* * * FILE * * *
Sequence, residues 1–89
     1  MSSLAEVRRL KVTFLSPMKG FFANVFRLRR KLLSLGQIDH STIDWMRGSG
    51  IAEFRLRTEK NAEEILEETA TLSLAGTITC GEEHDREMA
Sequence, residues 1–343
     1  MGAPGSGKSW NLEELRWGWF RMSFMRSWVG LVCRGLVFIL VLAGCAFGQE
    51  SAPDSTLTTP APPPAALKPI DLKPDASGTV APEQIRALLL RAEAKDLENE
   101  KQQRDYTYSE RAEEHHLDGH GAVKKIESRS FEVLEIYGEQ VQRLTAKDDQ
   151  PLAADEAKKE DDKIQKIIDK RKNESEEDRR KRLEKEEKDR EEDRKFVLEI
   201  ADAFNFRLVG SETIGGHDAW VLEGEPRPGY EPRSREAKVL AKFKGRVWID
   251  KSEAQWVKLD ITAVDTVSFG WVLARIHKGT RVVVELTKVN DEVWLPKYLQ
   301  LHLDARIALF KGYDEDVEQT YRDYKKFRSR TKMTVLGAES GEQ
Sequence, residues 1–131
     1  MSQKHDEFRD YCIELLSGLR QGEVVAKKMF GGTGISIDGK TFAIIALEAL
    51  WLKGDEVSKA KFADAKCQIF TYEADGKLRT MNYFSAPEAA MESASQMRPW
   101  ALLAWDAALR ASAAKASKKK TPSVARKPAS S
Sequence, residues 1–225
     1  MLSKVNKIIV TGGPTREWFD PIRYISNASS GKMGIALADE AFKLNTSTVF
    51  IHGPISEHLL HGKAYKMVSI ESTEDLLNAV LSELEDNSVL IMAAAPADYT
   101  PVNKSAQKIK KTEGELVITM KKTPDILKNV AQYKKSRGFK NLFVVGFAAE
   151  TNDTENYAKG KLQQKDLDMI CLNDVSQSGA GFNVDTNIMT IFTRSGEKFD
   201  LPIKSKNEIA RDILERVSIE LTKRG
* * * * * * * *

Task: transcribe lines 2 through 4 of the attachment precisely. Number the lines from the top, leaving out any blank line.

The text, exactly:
     1  MSSLAEVRRL KVTFLSPMKG FFANVFRLRR KLLSLGQIDH STIDWMRGSG
    51  IAEFRLRTEK NAEEILEETA TLSLAGTITC GEEHDREMA
Sequence, residues 1–343